In the weeks before Jesus’ crucifixion, his disciples squabbled over who would be the greatest in his kingdom—the kingdom they expected him to set up at that time, where he would rule as an earthly potentate. John and James’ mother even argued her sons’ case for positions of prominence. Lazarus’ raising, Jesus’ triumphal entry to hearty cheers, the casting out of the money changers, more miracles, the Lord’s wise refuting of the religious leaders—all of these events filled their minds. Surely, it was time!
Meanwhile, with this background chatter in his ears, Jesus’ heart and mind were fixed on teaching as much truth as possible, making his deity and love apparent, and then getting up on that cross. His goal was different than theirs for the present. They were at cross purposes.
The kingdom had to be won first—the cost was his death.
He kept telling them: “See, we are going up to Jerusalem. And the Son of Man will be delivered over to the chief priests and scribes, and they will condemn him to death and deliver him over to the Gentiles to be mocked and flogged and crucified, and he will be raised on the third day” (Matthew 20:18-19 ESV).
After the fact, this seems pretty clear. But his disciples didn’t listen or take heed; they didn’t remember. We often don’t either. Oblivious to the Master’s plan for redemption, they looked forward to an earthly reign, the defeat of the Romans, and their prominent positions.
The day before his death, as Jesus directed the disciples’ preparation of the Passover feast and interacted with people in Jerusalem, his disciples quibbled. I have six children. When they were all small and summer wore long, the quibbling began. Year by year, I moved our homeschooling start date earlier and earlier—idle hands needed something to do. Idle disciples needed work and an example.
Weary and emotional about his coming ordeal and their incomprehension of his mission to die for the sins of mankind, Jesus trudged up the stairs to the upper room and saw that no provision had been made for the number-one rule of first-century hospitality—guests needed to wash. Sandaled feet covered with dust, offal, urine, and excrement needed to be cleansed. Arrayed around the table, the guests would recline, propped on elbows as they ate, their feet near one another’s upper bodies. Feet had to be cleaned.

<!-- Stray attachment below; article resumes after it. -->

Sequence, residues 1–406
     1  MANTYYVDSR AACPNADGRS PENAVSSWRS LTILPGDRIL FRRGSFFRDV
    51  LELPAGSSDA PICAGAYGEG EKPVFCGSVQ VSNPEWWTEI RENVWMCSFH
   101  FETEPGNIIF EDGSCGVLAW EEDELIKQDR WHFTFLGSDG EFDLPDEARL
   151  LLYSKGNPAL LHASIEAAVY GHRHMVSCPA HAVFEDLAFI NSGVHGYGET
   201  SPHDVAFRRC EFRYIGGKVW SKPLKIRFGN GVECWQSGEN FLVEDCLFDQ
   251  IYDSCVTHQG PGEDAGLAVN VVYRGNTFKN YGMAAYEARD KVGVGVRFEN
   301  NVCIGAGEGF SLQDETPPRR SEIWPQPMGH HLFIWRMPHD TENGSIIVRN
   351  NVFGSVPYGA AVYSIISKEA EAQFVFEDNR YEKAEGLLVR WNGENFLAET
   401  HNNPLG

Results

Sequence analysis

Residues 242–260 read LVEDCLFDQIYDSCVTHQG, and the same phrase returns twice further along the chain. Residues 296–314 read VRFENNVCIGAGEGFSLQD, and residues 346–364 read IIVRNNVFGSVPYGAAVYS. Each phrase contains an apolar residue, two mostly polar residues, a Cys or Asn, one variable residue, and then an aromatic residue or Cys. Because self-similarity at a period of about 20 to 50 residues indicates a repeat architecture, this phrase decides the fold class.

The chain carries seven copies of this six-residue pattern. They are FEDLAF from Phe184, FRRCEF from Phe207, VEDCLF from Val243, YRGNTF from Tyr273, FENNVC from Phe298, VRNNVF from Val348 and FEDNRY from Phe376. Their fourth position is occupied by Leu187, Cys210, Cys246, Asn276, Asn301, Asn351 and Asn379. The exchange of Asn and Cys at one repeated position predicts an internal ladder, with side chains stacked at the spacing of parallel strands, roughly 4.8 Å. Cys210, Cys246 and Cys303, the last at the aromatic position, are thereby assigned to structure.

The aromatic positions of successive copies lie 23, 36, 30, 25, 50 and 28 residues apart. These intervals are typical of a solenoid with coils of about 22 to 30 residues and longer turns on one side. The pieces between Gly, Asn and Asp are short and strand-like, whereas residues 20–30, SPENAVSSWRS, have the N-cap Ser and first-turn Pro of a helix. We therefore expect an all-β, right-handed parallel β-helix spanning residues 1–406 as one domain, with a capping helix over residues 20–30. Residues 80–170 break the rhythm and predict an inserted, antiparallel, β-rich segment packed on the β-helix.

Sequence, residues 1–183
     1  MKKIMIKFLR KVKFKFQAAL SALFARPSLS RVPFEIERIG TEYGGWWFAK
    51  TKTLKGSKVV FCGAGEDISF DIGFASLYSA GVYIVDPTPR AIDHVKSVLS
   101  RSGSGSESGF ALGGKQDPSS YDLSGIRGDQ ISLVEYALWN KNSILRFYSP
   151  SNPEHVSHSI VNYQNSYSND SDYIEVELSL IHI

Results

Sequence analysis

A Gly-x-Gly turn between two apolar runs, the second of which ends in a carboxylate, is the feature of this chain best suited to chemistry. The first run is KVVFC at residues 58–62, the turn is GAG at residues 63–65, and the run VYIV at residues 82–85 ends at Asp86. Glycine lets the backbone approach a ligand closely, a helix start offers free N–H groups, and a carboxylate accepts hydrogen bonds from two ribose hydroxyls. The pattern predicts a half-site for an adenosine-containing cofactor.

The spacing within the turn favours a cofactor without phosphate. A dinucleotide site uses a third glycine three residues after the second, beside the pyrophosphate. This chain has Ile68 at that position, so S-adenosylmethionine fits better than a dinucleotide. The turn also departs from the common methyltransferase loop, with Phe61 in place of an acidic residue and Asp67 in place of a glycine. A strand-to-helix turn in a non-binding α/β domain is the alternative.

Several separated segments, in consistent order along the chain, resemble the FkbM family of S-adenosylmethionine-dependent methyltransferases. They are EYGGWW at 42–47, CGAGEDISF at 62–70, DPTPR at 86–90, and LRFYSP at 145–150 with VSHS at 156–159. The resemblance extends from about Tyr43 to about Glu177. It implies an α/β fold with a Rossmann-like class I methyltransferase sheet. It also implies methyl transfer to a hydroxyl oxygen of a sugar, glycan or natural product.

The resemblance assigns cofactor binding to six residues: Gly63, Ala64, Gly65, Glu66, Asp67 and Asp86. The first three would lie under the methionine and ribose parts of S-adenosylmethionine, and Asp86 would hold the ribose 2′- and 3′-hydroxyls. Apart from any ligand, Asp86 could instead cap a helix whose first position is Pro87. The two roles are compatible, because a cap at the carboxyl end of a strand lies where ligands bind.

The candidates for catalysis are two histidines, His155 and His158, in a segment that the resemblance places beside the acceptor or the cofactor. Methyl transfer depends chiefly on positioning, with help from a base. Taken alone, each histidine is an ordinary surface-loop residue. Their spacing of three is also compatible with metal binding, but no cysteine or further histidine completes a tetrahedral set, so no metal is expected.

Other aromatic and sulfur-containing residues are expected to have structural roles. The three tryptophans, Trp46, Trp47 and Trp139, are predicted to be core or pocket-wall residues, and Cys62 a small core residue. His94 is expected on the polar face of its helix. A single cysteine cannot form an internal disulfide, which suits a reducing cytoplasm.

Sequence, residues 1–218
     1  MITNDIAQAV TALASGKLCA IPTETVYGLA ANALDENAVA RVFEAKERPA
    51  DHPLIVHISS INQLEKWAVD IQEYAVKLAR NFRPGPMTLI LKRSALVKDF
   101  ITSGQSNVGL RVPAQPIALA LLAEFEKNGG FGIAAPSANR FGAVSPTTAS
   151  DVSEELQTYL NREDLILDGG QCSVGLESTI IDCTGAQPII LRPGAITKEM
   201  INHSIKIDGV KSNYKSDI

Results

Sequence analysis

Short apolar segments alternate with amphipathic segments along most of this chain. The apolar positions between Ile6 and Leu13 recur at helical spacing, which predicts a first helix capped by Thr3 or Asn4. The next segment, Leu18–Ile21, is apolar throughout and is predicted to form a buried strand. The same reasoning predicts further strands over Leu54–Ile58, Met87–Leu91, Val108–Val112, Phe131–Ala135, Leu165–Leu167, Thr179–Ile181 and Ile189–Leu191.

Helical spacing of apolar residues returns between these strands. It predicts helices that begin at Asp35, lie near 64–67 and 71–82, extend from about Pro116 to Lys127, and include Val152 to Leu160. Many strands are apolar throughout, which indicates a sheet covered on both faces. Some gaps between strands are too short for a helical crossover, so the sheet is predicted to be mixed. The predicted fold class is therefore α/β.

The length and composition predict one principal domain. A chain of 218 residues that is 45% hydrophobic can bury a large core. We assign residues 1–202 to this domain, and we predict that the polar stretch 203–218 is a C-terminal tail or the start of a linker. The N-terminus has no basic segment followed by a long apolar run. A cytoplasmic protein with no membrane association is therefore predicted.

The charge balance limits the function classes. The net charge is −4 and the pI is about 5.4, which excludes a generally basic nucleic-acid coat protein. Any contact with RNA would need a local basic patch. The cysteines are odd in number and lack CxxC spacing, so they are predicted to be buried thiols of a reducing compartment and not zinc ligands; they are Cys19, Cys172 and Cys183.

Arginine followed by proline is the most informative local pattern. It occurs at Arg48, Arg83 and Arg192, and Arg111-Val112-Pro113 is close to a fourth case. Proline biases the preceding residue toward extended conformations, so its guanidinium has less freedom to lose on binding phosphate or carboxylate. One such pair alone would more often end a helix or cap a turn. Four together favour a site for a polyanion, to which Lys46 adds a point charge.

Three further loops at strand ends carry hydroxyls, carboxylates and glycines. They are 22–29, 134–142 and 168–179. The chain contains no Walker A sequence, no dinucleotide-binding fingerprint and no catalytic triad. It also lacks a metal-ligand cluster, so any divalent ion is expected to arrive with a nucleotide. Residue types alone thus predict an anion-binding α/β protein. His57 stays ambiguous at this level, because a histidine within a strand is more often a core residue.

Since each one sought prestige, the disciples all flopped down, each waiting for the others to do the dirty work. Watching and waiting, Jesus took his place, giving them the chance to serve, ever patient. Six days earlier, Lazarus’ sister Mary had anointed Jesus’ head and feet with nard. The lingering scent of the sweet embalming perfume, whiffs of her adoration and comprehension, probably soothed his heart. She had heeded; she had remembered.
But on this night of his last supper, no one thought of service. No awareness was shown that Jesus’ time had come, even though he had spoken of it often. None remembered.
Of course, he did not react like you or I would. He never does. He has no insecurities. He is God. He knew that the Father had put all things under his power, that he had come from God, and that he was about to return (John 13:3). Our mighty God is a God of love. His love always provokes him to sacrifice rather than to exploit his position (Philippians 2:1-11).
Heart filled with affection, Jesus showed them the full extent of his love (John 13:1). He rose from the table, removed his outer garments, poured the water, and wrapped a towel about his waist. Idle disciples received a lesson: He who would be greatest among you must become the servant of all. The Messiah—Creator of the universe, Son of God—lifted filthy foot after filthy foot into the water, drying them with the towel, dumping and refilling often. He cleaned soles and toes and hearts. He cleanses us still.
As he washed, he spoke gentle lessons. “Unless I wash you, you have no part with me” (John 13:8b). He gave a quiet tutorial, his actions speaking louder than his words. “I have set an example that you should do as I have done for you” (John 13:15). And then, they ate, and he talked his way through five chapters of the most encouraging words in scripture and a prayer that included even us (John 13-17).
Our lives and actions are to be lived in remembrance of him—this example, these words, this life.
This is why we repeat his final meal regularly, why we break the bread and drink the wine—to remember him, to avoid the lack of awareness that his disciples showed that night, to repent of similar selfishness, to recall how to follow his example. Doing so, we proclaim his death until he returns. His death and resurrection are the hope of mankind.
“This is my body which is for you,” he said. “Do this in remembrance of me…This cup is the new covenant in my blood. Do this, as often as you drink it, in remembrance of me” (1 Corinthians 11:24b, 25b ESV).
Lord, we remember you. Let us never forget. We repent of our selfish striving. Enable us to live like you.